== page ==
FLOW| 4 Exercise Bodyweight Flow to Build the Hips, Shoulders and Spine

Motion

Give your hips, shoulders, and spine some love with this bodyweight only combination.

This flow features 4 bodyweight exercises and is for EVERYONE.  

Each of these exercises can help to “unwind” folks who sit for long durations throughout the day. You know, that shoulders and head forward, spine rounded, hamstrings and butt smashed against the chair posture.  

The same posture that sucks the life out of many of us. 

Our bodies adapt to positions we spend time in the most, but I am telling you, spend some time working through basic flows like this one and you will be surprised at the difference it makes over time.

Here’s the flow…

Exercises featured:

  Table Top

  Table Top with Thoracic Rotation

  Crab Reach (from Animal Flow)

  High Bridge Rotation

*** Links to exercise demonstrations.

 

Reps/Sets Suggestions…

Start with 4-5 reps on each side.  Find a way to accumulate 3-5 sets per session, most days of the week.  It might sound like a lot, but we are talking about 5-7 minutes of movement.  

In a perfect world, you’d be able to work through this combination during designated workout time. 

However, despite what social media projects, nobody lives in a perfect world, so get it in when you can.  

This is a bodyweight-only flow combination, not incredibly demanding, but it does require some attention.  Practice quality to get quality.  Take pride in being detailed.  

Constant practice is key to learning new movements and refining the technique of those movements.

Personally, I prefer higher rep ranges. 

Go north of 10 reps on each side.  

I’m not afraid to turn on a good song and work combinations like this for the duration of the song, getting lost in the flow, turning attention inward to my breathing, relaxing the jaw, steadying the hands on the floor and shoulders as well.

Even after this combination becomes “easy”, I recommend revisiting it periodically to check in on each exercise and shape.

 

Exercise tips and commonalities…

  Drive the hips up toward the ceiling, squeezing your butt and rolling your pelvis toward your belly button.

  Maintain weight distribution on the midfoot/heel, pull the heels actively toward the hands, squeeze the thighs together (roughly 6-8 inch gap between)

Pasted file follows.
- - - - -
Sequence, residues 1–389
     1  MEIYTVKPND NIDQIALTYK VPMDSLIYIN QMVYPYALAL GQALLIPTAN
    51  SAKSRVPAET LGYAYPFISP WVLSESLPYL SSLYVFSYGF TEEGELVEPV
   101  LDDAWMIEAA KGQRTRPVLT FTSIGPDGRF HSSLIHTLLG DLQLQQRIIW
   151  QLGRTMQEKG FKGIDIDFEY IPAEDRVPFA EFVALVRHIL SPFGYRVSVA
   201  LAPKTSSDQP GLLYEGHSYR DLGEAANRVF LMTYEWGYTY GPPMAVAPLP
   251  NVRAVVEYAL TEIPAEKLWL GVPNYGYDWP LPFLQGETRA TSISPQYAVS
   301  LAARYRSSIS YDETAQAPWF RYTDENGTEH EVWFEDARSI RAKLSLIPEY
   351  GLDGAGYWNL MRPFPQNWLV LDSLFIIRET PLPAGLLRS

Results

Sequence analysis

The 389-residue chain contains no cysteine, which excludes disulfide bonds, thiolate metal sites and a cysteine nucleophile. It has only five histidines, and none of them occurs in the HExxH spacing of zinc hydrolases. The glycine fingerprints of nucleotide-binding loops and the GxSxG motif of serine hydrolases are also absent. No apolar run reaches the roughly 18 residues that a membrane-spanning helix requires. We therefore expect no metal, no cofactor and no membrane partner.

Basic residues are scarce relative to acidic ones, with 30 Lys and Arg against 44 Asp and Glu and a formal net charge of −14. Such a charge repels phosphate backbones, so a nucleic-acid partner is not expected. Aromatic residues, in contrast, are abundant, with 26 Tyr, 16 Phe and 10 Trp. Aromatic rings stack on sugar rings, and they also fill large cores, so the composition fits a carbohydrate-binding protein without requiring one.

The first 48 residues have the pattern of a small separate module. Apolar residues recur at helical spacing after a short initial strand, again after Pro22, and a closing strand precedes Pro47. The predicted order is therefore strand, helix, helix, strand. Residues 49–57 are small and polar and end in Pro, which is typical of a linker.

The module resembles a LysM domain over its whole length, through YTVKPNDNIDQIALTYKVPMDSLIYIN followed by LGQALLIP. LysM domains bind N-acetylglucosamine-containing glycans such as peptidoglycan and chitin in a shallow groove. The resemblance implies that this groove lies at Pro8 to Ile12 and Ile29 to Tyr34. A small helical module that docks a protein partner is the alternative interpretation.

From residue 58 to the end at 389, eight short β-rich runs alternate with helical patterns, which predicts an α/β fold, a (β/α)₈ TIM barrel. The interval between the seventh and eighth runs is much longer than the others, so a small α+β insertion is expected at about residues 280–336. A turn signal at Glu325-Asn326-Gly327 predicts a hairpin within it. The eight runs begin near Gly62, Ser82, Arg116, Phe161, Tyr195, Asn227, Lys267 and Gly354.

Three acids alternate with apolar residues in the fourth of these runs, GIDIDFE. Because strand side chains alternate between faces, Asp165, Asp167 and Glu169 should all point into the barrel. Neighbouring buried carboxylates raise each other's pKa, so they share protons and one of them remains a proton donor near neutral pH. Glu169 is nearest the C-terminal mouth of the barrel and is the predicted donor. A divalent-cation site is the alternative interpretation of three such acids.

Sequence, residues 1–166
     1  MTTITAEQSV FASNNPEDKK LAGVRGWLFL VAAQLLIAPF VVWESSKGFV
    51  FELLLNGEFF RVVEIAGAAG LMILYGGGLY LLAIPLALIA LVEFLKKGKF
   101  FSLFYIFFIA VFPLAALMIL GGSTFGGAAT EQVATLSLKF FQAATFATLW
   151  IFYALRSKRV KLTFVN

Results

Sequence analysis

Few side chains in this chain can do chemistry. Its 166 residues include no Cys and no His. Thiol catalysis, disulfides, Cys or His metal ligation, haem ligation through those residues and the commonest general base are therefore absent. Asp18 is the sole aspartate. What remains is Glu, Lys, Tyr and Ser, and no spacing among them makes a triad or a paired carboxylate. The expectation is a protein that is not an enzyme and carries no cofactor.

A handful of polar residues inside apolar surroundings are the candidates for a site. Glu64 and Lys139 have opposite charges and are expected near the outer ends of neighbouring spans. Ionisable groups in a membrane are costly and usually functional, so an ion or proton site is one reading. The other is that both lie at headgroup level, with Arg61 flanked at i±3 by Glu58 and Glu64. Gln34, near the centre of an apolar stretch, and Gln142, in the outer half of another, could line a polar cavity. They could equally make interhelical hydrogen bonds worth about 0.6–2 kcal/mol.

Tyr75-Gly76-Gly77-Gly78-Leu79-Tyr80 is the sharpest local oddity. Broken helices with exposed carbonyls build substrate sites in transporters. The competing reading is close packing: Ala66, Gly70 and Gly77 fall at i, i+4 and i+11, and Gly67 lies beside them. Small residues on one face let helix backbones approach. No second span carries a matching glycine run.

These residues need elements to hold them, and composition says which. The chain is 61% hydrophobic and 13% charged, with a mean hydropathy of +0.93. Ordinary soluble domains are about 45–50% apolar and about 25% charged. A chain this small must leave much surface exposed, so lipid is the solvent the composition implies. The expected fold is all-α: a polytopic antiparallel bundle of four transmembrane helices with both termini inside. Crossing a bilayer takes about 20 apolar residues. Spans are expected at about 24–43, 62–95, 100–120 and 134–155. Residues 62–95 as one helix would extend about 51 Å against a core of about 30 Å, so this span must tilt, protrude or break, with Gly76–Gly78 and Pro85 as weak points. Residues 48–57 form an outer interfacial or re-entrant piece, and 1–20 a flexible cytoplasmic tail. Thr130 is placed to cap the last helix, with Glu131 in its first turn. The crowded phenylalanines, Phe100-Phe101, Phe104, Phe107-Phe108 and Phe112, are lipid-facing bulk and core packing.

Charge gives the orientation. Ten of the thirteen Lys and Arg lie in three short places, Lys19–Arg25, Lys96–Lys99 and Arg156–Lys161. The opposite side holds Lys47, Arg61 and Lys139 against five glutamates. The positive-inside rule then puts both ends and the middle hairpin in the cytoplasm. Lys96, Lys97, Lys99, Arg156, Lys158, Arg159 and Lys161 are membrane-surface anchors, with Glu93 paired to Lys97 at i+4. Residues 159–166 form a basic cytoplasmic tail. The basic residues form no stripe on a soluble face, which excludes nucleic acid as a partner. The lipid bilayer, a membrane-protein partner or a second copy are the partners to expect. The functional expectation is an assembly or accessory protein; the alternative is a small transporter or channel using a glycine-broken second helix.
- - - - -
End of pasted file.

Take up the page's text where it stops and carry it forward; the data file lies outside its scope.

Keep the rib cage tucked.  

  Stay active with the shoulders vs. slumping, search for shoulder extension.  

  Allow the head and neck to relax and fall back in line with the spine.

–  Breathe.

  Return to the same starting position (butt swinging between the hands) before re-elevating the hips back into extension to complete the next exercise. 

*** If you’re able to flow through all 4 exercises, change sides after completing the high bridge thoracic rotation.  Or, change sides after the most difficult exercise for your current fitness capacity.  

 

Benefits of this flow… aka: “What’s in it for me?”

  Hip extension reinforces glute engagement. 

  Stretching the hip flexors 

  Shoulder extension and stability

  Pelvic control

  Thoracic extension and rotation (spine mobility)

  Movement transition practice

  A different view of the world in Crab Reach and High Bridge Thoracic Rotation

  Exposure to new body positions and movements

 

Closing… 

“Exposure to new body positions and movements” might be the most important benefit of practicing this simple movement combination.  

Exposure, exploration, and problem solving is the gift of trying anything new.  

I was reminded of this while reading Erwan Le Corre’s new book, “The Practice of Natural Movement”.  Erwan founded MovNat and has been promoting natural movement tactics well before it was popular to do so.  

Children get TONS of exposure to new movements while navigating the playground or in Physical Education class or while learning any new motor skill.  It’s not “working out” to them, it’s fun and playful.  Moving into adulthood, people lose this playfulness and curiosity.

Anyways, the simple message is continually introducing the body to new and challenging positions/movements is fantastic for growing mind-body connection. 

Expanding your range of movement skills is a worthy investment.   

You’re never too sophisticated to move.

It’s not necessary to obsessively think about movement at all times of the day.  Leave this to the gurus.  But, movement of some kind must be a part of your day, most days of the week.  Rack up the mileage walking, lifting, carrying, maneuvering, navigating, crawling, rowing, running, pressing, flowing… whatever.  

I’ve never met a person who adopted a progressive movement regimen who regretted it.

People who stick a movement regimen feel better, move better, have more energy and look better.  No sugar coating here.  

Success leaves clues.

Moving is both the benefit and the medicine.

Wolff’s Law:  Either use it or expect to lose it.  

Let me know what you think in the comments below…

 

 

Cheers,

Kyle 

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